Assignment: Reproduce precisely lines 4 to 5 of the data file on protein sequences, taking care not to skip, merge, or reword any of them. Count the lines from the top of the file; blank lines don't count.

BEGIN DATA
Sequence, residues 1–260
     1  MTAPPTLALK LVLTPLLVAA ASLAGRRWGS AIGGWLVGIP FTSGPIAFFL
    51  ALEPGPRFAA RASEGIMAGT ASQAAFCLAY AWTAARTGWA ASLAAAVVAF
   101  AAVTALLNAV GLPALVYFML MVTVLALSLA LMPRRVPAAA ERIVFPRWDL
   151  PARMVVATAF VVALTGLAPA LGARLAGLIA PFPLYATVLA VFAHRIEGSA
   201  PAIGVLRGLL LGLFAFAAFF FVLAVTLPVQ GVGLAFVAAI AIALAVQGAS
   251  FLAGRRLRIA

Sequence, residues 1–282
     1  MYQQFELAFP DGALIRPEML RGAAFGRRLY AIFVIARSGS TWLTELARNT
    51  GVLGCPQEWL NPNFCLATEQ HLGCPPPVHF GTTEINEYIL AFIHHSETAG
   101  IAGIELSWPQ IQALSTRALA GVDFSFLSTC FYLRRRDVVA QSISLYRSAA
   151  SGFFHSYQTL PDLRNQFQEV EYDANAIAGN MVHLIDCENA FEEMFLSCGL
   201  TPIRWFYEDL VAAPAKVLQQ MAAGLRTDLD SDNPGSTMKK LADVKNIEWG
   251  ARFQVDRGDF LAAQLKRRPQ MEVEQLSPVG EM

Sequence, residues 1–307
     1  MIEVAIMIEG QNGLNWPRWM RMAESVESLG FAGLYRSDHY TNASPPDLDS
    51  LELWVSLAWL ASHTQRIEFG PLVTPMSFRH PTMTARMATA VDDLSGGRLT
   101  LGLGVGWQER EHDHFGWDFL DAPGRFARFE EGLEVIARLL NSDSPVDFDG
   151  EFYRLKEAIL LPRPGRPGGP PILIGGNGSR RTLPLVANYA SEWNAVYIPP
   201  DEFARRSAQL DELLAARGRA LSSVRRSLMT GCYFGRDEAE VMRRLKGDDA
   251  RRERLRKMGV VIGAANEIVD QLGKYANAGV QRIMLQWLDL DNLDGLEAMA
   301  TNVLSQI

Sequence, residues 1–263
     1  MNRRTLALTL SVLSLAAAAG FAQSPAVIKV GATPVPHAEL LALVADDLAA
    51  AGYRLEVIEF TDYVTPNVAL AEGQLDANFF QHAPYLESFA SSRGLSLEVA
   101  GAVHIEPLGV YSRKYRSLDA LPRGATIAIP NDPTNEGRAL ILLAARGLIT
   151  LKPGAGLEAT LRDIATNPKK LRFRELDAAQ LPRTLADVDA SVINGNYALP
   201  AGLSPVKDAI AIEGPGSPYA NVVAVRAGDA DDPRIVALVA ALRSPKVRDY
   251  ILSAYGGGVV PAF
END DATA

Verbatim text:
   101  AAVTALLNAV GLPALVYFML MVTVLALSLA LMPRRVPAAA ERIVFPRWDL
   151  PARMVVATAF VVALTGLAPA LGARLAGLIA PFPLYATVLA VFAHRIEGSA